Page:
In addition, epoch boundaries are where the heaviest part of the beacon chain state-transition calculation occurs, so that's another reason for not having them too close together.

Since every validator attests one every epoch, there is an interplay between the number of slots per epoch, the number of committees per slot, committee sizes, and the total number of validators.


A random seed is used to select all the committees and proposers for an epoch. During each epoch, the beacon chain accumulates randomness from proposers via the RANDAO and stores it. The seed for the current epoch is based on the RANDAO output from the epoch MIN_SEED_LOOKAHEAD + 1 ago. With MIN_SEED_LOOKAHEAD set to one, the effect is that we can know the seed for the current epoch and the next epoch, but not beyond, since the next-but-one epoch depends on randomness from the current epoch that hasn't been accumulated yet.

This mechanism is designed to allow sufficient time for members of newly formed committees to find each other on the peer-to-peer network, while preventing committee makeup being known too far ahead limits the opportunity for coordinated collusion between validators.


The above notwithstanding, if an attacker has a large proportion of the stake, or is, for example, able to DoS block proposers for a while, then it might be possible for the attacker to predict the output of the RANDAO further ahead than MIN_SEED_LOOKAHEAD would normally allow. This might enable the attacker to manipulate committee memberships to their advantage by performing well-timed exits and activations of their validators.

To prevent this, we assume a maximum feasible lookahead that an attacker might achieve (MAX_SEED_LOOKAHEAD) and delay all activations and exits by this amount, which allows new randomness to come in via block proposals from honest validators. With MAX_SEED_LOOKAHEAD set to 4, if only 10% of validators are online and honest, then the chance that an attacker can succeed in forecasting the seed beyond (MAX_SEED_LOOKAHEAD - MIN_SEED_LOOKAHEAD) = 3 epochs is 0.93×320.9^{3\times 32}, which is about 1 in 25,000.


The inactivity penalty is discussed below. This parameter sets the length of time until it kicks in. If the last finalised epoch is longer ago than MIN_EPOCHS_TO_INACTIVITY_PENALTY, then the beacon chain starts operating in "leak" mode. In this mode, participating validators no longer get rewarded, and validators that are not participating get penalised.


In order to safely onboard new validators, the beacon chain needs to take a view on what the Eth1 chain looks like. This is done by collecting votes from beacon block proposers - they are expected to consult an available Eth1 client in order to construct their vote.

EPOCHS_PER_ETH1_VOTING_PERIOD * SLOTS_PER_EPOCH is the total number of votes for Eth1 blocks that are collected. As soon as half of this number of votes are for the same Eth1 block, that block is adopted by the beacon chain and deposit processing can continue. This processing is done in process_eth1_data().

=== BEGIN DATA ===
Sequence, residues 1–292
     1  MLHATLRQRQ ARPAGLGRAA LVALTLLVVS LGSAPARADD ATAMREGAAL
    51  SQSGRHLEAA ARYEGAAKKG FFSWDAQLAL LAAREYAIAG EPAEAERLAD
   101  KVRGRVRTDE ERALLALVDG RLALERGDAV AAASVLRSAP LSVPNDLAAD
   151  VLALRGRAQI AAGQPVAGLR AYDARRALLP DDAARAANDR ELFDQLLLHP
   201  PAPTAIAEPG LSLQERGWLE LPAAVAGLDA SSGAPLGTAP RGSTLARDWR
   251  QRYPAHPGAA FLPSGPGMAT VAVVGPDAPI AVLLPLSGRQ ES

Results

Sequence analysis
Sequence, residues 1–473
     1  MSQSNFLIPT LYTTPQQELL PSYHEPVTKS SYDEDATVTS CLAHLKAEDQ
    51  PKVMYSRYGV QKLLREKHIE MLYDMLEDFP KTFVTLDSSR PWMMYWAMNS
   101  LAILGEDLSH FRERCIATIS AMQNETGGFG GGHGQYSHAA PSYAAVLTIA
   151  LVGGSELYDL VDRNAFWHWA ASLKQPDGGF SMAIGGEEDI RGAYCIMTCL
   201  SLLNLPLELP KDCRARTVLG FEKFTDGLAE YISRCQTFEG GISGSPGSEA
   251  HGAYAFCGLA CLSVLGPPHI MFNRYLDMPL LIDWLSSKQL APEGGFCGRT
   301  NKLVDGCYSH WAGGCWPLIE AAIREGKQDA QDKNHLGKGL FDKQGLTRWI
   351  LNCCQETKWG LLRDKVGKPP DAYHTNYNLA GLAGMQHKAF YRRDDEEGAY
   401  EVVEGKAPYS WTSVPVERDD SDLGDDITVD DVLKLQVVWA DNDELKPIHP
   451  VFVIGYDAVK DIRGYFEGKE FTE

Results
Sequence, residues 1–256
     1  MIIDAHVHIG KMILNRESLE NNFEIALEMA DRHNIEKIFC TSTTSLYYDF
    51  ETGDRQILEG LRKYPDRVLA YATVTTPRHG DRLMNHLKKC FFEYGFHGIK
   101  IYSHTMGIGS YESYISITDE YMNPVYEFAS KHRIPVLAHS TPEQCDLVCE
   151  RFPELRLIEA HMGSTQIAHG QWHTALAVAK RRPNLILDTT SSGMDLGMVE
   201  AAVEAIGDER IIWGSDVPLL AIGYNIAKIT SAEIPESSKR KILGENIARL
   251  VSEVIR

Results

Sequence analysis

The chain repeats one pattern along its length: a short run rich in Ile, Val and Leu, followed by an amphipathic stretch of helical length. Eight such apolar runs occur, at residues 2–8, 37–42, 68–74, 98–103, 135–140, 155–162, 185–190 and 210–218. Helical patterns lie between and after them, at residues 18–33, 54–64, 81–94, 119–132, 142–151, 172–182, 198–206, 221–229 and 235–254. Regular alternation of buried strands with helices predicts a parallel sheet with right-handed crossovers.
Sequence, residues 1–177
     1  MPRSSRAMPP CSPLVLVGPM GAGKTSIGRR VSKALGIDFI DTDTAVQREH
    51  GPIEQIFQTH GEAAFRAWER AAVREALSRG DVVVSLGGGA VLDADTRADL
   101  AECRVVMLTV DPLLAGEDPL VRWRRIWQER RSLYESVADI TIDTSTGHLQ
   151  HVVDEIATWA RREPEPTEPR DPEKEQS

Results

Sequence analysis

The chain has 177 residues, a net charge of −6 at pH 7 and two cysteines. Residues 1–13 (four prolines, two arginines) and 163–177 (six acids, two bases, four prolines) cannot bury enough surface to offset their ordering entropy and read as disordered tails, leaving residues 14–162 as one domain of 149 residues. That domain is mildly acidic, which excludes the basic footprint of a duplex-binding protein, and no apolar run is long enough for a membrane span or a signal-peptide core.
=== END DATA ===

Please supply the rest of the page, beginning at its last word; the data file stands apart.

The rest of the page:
Rules for how validators select the right block to vote for are set out in the validator guide. ETH1_FOLLOW_DISTANCE is the (approximate) minimum depth of block that can be considered.

This parameter was increased from 32 to 64 epochs for the beacon chain mainnet. This increase is intended to allow devs more time to respond if there is any trouble on the Eth1 chain, in addition to the eight hours grace provided by ETH1_FOLLOW_DISTANCE.

For a detailed analysis of these parameters, see this article.


There have been several redesigns of the way the beacon chain stores its past history. The current design is a double batched accumulator. The block root and state root for every slot are stored in the state for SLOTS_PER_HISTORICAL_ROOT slots. When those lists are full, each list is Merkleized separately, and their roots are added to the ever-growing state.historical_summaries list within an HistoricalSummary container.

State list lengths

The following parameters set the sizes of some lists in the beacon chain state. Some lists have natural sizes, others such as the validator registry need an explicit maximum size to guide SSZ serialisation.

Name Value Unit Duration
EPOCHS_PER_HISTORICAL_VECTOR uint64(2**16) (= 65,536) epochs ~0.8 years
EPOCHS_PER_SLASHINGS_VECTOR uint64(2**13) (= 8,192) epochs ~36 days
HISTORICAL_ROOTS_LIMIT uint64(2**24) (= 16,777,216) historical roots ~52,262 years
(= 1,099,511,627,776)
validators -

This is the number of epochs of previous RANDAO mixes that are stored (one per epoch). Having access to past randao mixes allows historical shufflings to be recalculated. Since Validator records keep track of the activation and exit epochs of all past validators, we can reconstitute past committees as far back as we have the RANDAO values. This information can be used for slashing long-past attestations, for example. It is not clear how the value of this parameter was decided.


In the epoch in which a misbehaving validator is slashed, its effective balance is added to an accumulator in the state. In this way, the state.slashings list tracks the total effective balance of all validators slashed during the last EPOCHS_PER_SLASHINGS_VECTOR epochs.

At a time EPOCHS_PER_SLASHINGS_VECTOR // 2 after being slashed, a further penalty is applied to the slashed validator, based on the total amount of value slashed during the 4096 epochs before and the 4096 epochs after it was originally slashed.